Tuesday, May 28, 2024

Chinese travellers give Lunar Year of the Dragon a fiery start

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Chinese travellers are back on the move for the festive season, with the number of trips around the country up by more than a quarter on the eve of the biggest holiday of the year.

Domestic passenger traffic on Friday, Lunar New Year’s Eve, was up by 26.7 per cent compared with the same time last year, with 195.24 million trips taken across the transport system, according to state news agency Xinhua.

The bulk of the traffic was on the highways, with more than 184 million trips made on Friday. Rail traffic roughly doubled to 8.2 million trips, while the number of people taking flights was up by nearly 1.5 times, rising by 137.7 per cent to 1.8 million, the report said.

Ctrip, China’s biggest travel company, reported higher demand for transport on Saturday as well. It said ticket orders more than doubled year on year to exceed pre-pandemic levels, during the start of the 2019 Lunar New Year, Shanghai-based news outlet The Paper reported.

Warmer destinations in the south such as Hainan, Guangdong and Yunnan provinces were popular choices among holidaymakers from China’s colder northern regions, while southerners were keen to head north to snowy destinations, according to the report.

Ctrip was quoted as saying that bookings for Harbin in Heilongjiang province, a trending travel destination and home of the renowned ice festival, rose by 40 per cent from the first day of the last Lunar New Year.

Orders for attraction and sightseeing tickets on Ctrip also rose by 300 per cent from the same day last year, the first Lunar New Year after China lifted its strict zero-Covid travel restrictions.

Tourism booms for China’s ice sculpture city Harbin in post-Covid revival

Many of its Lunar New Year’s Eve “meal and hotel room” packages were also sold out, the site said. It added that requests for pet-friendly accommodation were up by 72 per cent from last year and bookings for private hot spring hotel rooms had risen by 46 per cent.

Online booking service Tongcheng Travel said it registered both a “volume and price increase” for domestic flights, The Paper reported.

Tickets cost nearly 1,000 yuan (US$140) on average, about 20 per cent higher than before the holiday season – also called Spring Festival in China – while the number of bookings for popular routes increased by 77 per cent from last year, the company said.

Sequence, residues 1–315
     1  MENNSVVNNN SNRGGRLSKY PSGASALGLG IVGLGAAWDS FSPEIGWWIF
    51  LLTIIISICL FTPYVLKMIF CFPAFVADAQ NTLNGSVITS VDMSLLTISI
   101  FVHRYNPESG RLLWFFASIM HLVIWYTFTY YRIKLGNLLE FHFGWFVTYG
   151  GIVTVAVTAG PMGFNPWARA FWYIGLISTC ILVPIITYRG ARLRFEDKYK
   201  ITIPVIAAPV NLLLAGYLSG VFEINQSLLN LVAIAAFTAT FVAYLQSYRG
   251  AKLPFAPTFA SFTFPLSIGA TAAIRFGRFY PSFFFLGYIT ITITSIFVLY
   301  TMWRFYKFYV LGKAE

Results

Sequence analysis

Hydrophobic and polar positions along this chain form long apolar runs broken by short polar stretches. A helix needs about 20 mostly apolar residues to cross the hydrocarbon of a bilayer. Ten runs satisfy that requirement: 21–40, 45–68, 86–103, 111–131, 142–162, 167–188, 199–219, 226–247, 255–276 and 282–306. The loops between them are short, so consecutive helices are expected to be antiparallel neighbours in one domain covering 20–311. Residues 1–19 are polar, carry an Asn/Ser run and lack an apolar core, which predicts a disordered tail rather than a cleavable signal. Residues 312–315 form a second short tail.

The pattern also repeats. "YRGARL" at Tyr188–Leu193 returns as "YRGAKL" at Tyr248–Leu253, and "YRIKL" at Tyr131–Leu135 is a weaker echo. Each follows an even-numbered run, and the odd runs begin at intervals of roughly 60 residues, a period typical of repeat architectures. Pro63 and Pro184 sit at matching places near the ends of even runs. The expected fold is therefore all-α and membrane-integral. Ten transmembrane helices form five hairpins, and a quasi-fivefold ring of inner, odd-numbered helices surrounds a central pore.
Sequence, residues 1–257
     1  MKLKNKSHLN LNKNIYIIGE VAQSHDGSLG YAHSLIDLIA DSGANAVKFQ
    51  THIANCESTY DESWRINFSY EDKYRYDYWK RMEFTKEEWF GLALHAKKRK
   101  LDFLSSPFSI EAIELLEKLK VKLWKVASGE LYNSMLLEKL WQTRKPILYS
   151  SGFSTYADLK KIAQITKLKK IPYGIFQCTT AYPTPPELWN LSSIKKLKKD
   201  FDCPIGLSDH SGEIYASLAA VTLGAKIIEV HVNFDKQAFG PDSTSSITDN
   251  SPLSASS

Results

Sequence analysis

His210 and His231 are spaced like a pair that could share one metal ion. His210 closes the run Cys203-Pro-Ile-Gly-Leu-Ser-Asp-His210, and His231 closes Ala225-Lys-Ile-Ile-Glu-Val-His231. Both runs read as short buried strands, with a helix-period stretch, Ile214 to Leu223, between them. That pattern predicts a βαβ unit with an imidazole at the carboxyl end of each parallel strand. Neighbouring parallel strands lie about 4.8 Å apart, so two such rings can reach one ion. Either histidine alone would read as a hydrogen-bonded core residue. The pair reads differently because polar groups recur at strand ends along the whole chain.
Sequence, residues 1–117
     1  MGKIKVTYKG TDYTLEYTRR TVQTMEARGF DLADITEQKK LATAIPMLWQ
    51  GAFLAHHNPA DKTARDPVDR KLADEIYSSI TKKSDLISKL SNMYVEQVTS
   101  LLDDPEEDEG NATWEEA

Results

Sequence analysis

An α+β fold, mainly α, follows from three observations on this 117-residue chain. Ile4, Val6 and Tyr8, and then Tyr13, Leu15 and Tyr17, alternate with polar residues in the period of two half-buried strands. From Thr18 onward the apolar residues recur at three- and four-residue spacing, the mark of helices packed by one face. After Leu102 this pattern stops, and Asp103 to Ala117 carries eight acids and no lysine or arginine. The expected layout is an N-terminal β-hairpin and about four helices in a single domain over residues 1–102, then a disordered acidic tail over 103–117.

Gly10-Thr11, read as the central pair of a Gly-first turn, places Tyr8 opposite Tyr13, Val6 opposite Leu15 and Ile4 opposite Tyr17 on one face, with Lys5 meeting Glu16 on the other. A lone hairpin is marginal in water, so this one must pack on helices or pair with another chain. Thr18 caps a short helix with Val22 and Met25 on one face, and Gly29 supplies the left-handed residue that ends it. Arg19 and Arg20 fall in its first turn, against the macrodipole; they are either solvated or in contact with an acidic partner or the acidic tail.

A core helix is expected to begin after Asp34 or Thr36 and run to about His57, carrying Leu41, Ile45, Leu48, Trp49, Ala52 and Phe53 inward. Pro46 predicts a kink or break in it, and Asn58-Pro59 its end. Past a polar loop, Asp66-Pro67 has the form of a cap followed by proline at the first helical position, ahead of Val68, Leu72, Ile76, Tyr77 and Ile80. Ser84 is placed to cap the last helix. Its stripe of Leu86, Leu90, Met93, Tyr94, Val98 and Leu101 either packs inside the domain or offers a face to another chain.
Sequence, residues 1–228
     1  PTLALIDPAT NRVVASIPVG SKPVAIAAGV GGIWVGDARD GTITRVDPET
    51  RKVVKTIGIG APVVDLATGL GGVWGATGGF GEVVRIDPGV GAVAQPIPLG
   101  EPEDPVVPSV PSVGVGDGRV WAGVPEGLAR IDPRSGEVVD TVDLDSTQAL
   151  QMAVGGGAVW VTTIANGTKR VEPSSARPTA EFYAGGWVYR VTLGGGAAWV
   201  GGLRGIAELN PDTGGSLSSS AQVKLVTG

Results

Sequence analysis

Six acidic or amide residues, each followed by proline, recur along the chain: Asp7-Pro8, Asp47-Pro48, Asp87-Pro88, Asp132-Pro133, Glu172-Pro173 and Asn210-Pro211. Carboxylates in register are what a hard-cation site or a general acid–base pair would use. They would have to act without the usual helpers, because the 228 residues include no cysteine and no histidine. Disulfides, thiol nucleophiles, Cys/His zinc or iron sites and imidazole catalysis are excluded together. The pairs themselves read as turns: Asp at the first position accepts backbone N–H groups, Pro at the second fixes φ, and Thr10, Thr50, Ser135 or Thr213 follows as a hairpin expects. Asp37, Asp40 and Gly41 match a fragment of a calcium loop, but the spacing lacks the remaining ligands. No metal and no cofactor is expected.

Blizzards and freezing rain had earlier sparked warnings that this Lunar New Year holiday could be the most “complex” since 2008. But the China Weather Network forecast on Saturday that the worst of the conditions had passed and temperatures were expected to rise in most parts of the country.

National immigration authorities have predicted that customs clearances over the Spring Festival will be about the same as the 2019 festive season. But Ctrip said on Saturday that its outbound bookings were already higher than the pre-pandemic year.

Malaysia, Thailand and Singapore were among the most popular destinations for Chinese tourists, with travel orders on Ctrip increasing by 30 per cent compared to the same period in 2019. All three countries have introduced mutual visa-free agreements with China.

Travel bookings for Belt and Road Initiative nations also rose, with orders for tickets to the United Arab Emirates, Turkey, the Maldives, Saudi Arabia and Kazakhstan up by more than half compared to the same period in 2019, The Paper reported.

On Lunar New Year’s Eve, landmarks across the world joined in on the festivities, with the London Eye, Empire State Building, Sydney Opera House and Tokyo Tower lighting up red to ring in the Year of the Dragon.

Traditional Chinese dragon dancers perform in front of the London Eye, lit up in red to celebrate the Lunar New Year. Photo: Xinhua

In China, the annual Spring Festival Gala TV gala set a live broadcast record, with 1.689 billion total views for the event, according to state broadcaster CGTN.

At the Chinese box office, comedy-drama Pegasus 2 led the pack with its premiere on Saturday, Xinhua reported, citing data from the China Movie Data Information Network.

The film earned 416.23 million yuan on Saturday while Chinese comedy YOLO was next, grossing 410.54 million yuan.

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